The RBA just warned China is going to have trouble keeping its currency stable

Peter Macdiarmid/Getty Images

The Reserve Bank of Australia has warned that it will be difficult for China to maintain stability in its currency.

In its quarterly statement on monetary policy released earlier today, the RBA said “it is likely to be difficult to maintain stability of the renminbi, given the magnitude of private capital outflows.”

The decision by the PBOC to allow market forces to play a greater role in determining the renminbi’s value – something that was announced suddenly in mid-August 2015 when the bank unexpectedly weakened the currency weakened by 2% against the U.S. dollar – has seen expectations for further depreciation grow, leading to substantial capital outflows from the nation.

“The value of the PBOC’s foreign currency reserves decreased by US$183 billion over the December quarter, and by US$108 billion in the month of December,” said the RBA.

“This reflected large net private capital outflows, which have been mainly driven by Chinese residents responding to expectations for RMB depreciation by, for example, paying down their foreign currency-denominated liabilities. The PBOC’s foreign currency reserves decreased by US$513 billion (or 13 per cent) over 2015 to US$3.3 trillion, and are US$663 billion below their peak in June 2014.”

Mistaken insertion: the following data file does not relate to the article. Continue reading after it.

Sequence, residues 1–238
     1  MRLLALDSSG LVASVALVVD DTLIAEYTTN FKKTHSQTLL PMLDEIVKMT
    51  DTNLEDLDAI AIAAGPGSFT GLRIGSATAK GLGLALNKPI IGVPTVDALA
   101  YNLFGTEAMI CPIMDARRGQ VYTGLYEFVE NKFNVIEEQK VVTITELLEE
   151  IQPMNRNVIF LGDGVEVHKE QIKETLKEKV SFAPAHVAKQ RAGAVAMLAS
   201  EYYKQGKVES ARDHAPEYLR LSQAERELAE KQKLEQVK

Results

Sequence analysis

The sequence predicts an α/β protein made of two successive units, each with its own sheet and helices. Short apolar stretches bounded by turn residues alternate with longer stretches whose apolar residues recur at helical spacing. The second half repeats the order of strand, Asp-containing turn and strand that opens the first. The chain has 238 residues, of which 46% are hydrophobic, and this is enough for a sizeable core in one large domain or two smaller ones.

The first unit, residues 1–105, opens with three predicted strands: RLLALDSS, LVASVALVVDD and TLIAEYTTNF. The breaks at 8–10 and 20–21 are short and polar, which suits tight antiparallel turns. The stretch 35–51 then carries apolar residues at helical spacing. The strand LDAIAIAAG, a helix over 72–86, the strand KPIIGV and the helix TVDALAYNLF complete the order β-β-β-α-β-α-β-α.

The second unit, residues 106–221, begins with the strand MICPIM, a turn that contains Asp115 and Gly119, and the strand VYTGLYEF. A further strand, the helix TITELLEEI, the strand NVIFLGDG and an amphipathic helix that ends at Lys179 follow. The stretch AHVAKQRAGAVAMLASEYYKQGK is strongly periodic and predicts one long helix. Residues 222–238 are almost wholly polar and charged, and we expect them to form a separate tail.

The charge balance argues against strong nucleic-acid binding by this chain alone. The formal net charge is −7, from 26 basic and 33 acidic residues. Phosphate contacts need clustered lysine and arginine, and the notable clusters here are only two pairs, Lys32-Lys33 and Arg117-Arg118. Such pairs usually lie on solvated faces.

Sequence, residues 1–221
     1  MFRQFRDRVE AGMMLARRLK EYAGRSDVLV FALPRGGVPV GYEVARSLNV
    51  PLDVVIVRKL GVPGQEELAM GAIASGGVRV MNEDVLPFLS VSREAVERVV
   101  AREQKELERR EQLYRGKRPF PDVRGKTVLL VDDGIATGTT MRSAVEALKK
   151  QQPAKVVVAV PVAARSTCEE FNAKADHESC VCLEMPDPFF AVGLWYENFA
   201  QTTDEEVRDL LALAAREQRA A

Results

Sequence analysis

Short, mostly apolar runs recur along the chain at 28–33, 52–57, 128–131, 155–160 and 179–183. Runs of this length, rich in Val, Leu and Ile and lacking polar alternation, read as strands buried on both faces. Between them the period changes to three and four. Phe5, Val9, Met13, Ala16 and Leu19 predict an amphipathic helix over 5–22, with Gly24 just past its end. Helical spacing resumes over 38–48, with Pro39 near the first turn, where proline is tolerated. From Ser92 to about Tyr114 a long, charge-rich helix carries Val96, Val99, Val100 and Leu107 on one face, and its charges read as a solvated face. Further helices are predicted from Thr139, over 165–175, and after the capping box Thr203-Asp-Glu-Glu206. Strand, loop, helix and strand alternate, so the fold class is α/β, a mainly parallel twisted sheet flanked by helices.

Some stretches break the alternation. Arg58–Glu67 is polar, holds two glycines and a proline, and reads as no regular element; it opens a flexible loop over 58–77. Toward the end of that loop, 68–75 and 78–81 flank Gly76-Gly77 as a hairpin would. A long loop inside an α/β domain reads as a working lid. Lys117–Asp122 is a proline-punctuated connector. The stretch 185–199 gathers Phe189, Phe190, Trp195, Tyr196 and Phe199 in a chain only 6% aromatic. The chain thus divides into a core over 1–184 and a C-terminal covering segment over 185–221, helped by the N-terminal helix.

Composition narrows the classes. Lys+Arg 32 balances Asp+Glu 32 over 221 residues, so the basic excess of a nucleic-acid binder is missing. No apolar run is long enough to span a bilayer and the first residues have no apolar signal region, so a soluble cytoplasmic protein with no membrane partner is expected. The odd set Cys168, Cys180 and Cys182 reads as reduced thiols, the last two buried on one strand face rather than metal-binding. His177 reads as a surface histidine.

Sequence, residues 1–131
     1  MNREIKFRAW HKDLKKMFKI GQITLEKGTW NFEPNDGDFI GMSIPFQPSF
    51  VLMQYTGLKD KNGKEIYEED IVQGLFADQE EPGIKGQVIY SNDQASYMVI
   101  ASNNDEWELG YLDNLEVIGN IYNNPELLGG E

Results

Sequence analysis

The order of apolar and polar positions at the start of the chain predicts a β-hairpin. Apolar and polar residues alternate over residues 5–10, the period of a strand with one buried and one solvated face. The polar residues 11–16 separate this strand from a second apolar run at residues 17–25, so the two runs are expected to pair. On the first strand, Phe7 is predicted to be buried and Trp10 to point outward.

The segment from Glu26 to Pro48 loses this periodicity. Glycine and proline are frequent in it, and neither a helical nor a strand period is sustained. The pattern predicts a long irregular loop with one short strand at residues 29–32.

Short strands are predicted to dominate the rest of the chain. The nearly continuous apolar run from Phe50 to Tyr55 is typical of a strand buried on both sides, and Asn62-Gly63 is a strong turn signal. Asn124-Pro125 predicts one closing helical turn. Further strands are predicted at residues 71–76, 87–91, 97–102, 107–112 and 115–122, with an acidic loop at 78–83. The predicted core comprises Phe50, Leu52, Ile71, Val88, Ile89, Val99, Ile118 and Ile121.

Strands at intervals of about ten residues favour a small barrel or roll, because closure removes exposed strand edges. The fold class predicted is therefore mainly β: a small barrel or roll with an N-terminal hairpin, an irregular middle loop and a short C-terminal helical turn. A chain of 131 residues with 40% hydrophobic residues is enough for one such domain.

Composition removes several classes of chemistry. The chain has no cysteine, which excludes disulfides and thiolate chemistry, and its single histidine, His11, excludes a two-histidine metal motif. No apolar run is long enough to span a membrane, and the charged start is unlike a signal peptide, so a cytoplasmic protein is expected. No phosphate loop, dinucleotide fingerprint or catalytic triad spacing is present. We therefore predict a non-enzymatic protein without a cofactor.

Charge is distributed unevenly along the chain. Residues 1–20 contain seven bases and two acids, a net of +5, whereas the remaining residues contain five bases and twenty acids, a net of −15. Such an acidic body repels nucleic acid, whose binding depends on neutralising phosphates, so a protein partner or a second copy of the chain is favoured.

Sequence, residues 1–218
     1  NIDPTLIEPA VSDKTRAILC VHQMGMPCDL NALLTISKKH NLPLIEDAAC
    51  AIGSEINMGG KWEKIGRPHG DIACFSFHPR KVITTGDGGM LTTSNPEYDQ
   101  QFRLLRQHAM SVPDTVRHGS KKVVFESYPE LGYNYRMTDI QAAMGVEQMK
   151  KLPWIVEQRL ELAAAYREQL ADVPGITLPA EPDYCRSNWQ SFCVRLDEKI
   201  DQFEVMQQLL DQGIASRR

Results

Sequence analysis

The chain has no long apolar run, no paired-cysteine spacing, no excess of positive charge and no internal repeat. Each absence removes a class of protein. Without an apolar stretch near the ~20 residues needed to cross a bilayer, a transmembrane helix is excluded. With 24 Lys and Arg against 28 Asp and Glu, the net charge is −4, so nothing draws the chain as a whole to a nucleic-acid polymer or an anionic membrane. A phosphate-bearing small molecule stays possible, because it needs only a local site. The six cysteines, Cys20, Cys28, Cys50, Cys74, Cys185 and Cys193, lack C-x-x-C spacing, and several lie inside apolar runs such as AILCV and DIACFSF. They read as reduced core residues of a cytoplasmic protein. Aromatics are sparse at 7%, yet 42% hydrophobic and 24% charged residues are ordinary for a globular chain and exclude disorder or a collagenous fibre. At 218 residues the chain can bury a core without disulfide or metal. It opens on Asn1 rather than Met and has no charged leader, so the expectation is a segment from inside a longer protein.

While the move from the PBOC saw the renminbi admitted to the IMF’s special drawing rights (SDR) basket – which it was clearly pushing for by making the decision – as the chart below reveals, allowing market forces to play a greater role in determining the renminbi’s value has not come cheap, particularly given mounting concerns over the outlook for the economy.

China’s FX reserves have fallen in each of the past six quarters, with the decline accelerating over recent months as capital outflows from the nation swelled.

We get an update on the status of those FX reserves soon, probably this weekend. Traders will be watching.

Business Insider Emails & Alerts

Site highlights each day to your inbox.

Follow Business Insider Australia on Facebook, Twitter, LinkedIn, and Instagram.